After a few hours, the gathering split up and everybody went their separate ways, most headed to their home studios to get back to work. But the afternoon was yet another reminder of how fortunate I am to be working in this business.

Cheers,

Ron


Signing at Book Expo America on Wednesday, 26th May

So remember when I said I was done with appearances for a little while? Yeah, not so much.

I’ll be appearing this Wednesday, May 26 at Book Expo America, held at the Jacob Javits Center in Manhattan. I’ll be signing from 11 a.m. to 1 p.m. at the Image Comics booth, #4567, and giving away copies of Artifacts #0.

BEA is presented by Reed Exhibitions, the same folks who put on the New York Comic Con and the recent C2E2 show in Chicago. The catch is, BEA is not open to the public. It’s for booksellers, publishers, librarians, teachers and frankly anybody else who manages to get registered. If you’re planning to be there, please come by the Image booth and say hi. Todd McFarlane (you’ve heard of him, right?) is scheduled to sign from 2 to 4 p.m., so I’m kind of the warm-up act.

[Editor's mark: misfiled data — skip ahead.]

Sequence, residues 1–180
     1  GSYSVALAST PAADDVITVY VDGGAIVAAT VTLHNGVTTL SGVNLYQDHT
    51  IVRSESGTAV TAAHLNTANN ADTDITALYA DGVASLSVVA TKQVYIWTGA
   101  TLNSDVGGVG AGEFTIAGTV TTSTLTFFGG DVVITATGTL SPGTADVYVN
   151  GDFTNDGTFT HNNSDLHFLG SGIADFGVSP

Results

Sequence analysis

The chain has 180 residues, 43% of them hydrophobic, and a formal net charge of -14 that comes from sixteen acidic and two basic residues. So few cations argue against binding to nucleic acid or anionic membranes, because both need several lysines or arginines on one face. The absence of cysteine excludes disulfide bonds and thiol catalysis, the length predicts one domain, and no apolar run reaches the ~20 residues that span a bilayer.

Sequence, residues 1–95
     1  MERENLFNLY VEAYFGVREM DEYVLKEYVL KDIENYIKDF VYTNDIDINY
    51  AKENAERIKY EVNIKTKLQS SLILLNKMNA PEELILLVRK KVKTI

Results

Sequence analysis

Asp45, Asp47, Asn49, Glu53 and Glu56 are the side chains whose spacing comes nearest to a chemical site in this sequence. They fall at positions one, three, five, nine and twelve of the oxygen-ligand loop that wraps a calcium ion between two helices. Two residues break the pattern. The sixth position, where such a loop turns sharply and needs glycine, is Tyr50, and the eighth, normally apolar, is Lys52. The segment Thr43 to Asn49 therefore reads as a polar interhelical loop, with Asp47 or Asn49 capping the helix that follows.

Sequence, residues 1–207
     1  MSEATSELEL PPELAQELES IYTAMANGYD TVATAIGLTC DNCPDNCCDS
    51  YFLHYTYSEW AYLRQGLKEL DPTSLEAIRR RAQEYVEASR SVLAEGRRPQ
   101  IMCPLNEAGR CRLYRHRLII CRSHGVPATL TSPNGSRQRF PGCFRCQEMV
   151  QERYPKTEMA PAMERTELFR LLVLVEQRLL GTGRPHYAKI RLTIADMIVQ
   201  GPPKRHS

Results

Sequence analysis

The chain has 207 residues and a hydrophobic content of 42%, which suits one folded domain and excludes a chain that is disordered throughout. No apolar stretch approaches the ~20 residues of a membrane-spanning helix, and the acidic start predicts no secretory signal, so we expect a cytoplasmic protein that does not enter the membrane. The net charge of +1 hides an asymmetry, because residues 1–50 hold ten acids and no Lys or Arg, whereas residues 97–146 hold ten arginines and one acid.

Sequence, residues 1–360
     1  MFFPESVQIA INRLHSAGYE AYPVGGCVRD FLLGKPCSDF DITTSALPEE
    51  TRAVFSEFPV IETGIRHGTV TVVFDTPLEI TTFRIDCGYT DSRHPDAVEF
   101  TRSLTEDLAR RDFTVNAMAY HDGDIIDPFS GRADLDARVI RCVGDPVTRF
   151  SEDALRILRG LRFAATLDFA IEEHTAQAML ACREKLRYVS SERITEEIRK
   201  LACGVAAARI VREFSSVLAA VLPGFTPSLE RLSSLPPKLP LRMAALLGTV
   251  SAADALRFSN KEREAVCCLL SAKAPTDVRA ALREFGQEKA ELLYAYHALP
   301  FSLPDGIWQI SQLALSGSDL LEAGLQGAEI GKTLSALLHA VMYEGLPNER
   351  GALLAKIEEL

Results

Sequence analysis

This is my second year in a row at BEA, and it’s a comfy change of pace from a comic con. Comic shows have their own charm, of course, but BEA has a more civilized air, and it’s certainly a lot quieter. Nobody dressed up like Klingons or Sailor Moon, either. Last year while I was signing, my wife got to wander the floor and got to see Julie Andrews giving an interview from a close vantage. One of my wife’s favorite movies is “The Sound of Music,” so this was a pretty big deal for her. Further proof that marrying a writer has its advantages.

The BEA website: http://www.bookexpoamerica.com/

Cheers,

Ron


Georges Jeanty – In Living Color

[George Jeanty’s pencils]


(Pencils: Georges Jeanty / Colors: Neeraj Menon)

[click the image for a hi-res version]

One more look at Georges Jeanty’s figure shots, this time in color, courtesy of a talented young Indian artist named Neeraj N. Menon. You can check out Neeraj’s Deviant Art portfolio here.